[quote]If you don’t get leadership out of the federal government in getting their own house in order, how can you actually reasonably expect the rest of the citizens of Canada to be serious about greenhouse gases?[/quote]

McKay acknowledged not nearly enough was done under the previous Liberal governments to reduce Canadian emissions as per the 1997 Kyoto protocol.

“But after a while the blame exercise gets a little tired, especially since you’ve had six or seven years to get your main emitter under control, which is the oil and gas industry.”

Prime Minister Stephen Harper said in a year-end interview that long-delayed regulations on the oil and gas sector will be announced “over the next couple of years.”

2013 in review: No platitudes, please

Ray Grigg’s 2013 review: No platitudes, please

2013 in review: No platitudes, please
Typhoon Haiyan was a reminder in 2013 of the need for dramatic action on climate change

Platitudes are wholly incompatible with our present environmental situation on planet Earth, so saccharine pleasantries would be quite inappropriate to summarize the events of 2013. The natural world continues to be under ominous assault. The collective awareness of humanity and its political leadership has still not registered the urgency of the problem with enough clarity to effect the required changes in our behaviour. Global remedial action has been halting at best, leaving limited initiatives to be taken by communities, cities and a few countries. However heroic these efforts may be, they are insufficient to address the magnitude of the challenge.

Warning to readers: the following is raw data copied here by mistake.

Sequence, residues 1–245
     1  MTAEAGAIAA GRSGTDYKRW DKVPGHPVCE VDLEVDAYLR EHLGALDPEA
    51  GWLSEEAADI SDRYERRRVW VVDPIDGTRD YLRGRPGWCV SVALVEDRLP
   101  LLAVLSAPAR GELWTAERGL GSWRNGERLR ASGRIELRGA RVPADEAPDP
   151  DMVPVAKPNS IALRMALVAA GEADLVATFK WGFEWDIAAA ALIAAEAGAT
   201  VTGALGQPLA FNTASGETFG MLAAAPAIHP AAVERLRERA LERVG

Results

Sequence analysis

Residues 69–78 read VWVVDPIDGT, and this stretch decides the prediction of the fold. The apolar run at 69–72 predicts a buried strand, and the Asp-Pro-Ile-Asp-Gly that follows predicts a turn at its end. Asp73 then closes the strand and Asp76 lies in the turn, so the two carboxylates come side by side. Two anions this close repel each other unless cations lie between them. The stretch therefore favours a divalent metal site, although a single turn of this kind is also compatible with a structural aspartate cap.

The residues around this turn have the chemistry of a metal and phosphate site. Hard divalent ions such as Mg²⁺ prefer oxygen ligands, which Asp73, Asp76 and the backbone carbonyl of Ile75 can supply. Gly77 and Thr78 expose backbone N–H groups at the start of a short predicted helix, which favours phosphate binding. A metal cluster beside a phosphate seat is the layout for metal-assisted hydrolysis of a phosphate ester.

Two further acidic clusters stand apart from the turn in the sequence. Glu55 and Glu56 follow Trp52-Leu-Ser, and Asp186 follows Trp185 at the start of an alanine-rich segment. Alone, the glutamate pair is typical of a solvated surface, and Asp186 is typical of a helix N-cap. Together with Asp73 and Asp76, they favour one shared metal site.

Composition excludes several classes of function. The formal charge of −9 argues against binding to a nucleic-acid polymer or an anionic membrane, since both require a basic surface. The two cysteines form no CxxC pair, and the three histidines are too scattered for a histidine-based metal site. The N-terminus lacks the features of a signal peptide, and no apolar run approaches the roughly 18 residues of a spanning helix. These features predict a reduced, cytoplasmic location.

If modern science is correct, the opportunity for avoiding critical ecological instability is rapidly shrinking — if it’s not already too late — and the pressure is building for corrective measures. So 2014 arrives with an anxious dread brought by a sense of impending inevitability, and a sense of frail hope inspired by remote possibility.

Hope and dread

The dread presently exceeds the hope because none of the major ecological problems facing the planet are being successfully addressed. Greenhouse gas emissions continue to rise, so temperatures are increasing in tandem — albeit more slowly for unknown reasons — and ocean acidification worsens. Species extinction is in free-fall due to climate change, habitat loss and biological homogenization. Soil, water and forest resources are either threatened or in decline almost everywhere.